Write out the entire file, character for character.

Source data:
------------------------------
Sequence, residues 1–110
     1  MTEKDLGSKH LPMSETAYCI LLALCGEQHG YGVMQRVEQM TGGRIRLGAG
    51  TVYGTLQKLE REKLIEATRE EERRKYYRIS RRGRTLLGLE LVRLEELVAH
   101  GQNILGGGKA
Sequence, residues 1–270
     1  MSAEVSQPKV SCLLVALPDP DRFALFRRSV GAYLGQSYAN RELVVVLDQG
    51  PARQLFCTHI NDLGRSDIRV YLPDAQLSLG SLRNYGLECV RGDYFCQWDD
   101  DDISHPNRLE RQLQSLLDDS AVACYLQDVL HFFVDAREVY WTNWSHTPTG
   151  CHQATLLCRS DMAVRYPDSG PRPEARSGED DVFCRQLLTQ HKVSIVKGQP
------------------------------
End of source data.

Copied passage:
Sequence, residues 1–110
     1  MTEKDLGSKH LPMSETAYCI LLALCGEQHG YGVMQRVEQM TGGRIRLGAG
    51  TVYGTLQKLE REKLIEATRE EERRKYYRIS RRGRTLLGLE LVRLEELVAH
   101  GQNILGGGKA
Sequence, residues 1–270
     1  MSAEVSQPKV SCLLVALPDP DRFALFRRSV GAYLGQSYAN RELVVVLDQG
    51  PARQLFCTHI NDLGRSDIRV YLPDAQLSLG SLRNYGLECV RGDYFCQWDD
   101  DDISHPNRLE RQLQSLLDDS AVACYLQDVL HFFVDAREVY WTNWSHTPTG
   151  CHQATLLCRS DMAVRYPDSG PRPEARSGED DVFCRQLLTQ HKVSIVKGQP